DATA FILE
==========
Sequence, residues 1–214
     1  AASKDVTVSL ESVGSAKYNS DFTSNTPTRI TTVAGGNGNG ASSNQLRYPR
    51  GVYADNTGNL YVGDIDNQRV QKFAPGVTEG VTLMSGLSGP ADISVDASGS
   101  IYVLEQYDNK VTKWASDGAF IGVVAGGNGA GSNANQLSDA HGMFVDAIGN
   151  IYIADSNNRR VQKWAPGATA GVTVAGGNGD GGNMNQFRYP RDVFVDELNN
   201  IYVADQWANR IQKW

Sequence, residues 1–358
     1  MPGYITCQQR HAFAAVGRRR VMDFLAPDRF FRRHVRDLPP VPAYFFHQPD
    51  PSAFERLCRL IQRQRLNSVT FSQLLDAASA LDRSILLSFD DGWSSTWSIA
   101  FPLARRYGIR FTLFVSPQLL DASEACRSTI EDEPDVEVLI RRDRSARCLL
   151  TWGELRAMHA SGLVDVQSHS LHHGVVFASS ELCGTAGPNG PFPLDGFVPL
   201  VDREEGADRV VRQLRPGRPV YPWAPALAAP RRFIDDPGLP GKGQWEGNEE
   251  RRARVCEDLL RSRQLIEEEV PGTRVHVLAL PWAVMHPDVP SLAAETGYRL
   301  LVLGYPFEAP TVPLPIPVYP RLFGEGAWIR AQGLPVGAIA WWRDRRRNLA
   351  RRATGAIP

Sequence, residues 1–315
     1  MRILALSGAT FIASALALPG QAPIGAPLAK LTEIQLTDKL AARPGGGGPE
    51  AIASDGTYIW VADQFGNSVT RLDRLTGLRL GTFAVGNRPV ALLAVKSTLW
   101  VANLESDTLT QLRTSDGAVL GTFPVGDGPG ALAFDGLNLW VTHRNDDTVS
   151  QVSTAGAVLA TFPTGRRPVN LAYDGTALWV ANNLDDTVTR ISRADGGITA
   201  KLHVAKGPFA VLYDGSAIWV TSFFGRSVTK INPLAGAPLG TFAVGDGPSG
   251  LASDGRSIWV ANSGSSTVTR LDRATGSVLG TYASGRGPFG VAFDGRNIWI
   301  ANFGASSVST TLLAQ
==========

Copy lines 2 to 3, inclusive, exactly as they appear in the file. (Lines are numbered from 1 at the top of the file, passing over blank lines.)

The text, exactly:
     1  AASKDVTVSL ESVGSAKYNS DFTSNTPTRI TTVAGGNGNG ASSNQLRYPR
    51  GVYADNTGNL YVGDIDNQRV QKFAPGVTEG VTLMSGLSGP ADISVDASGS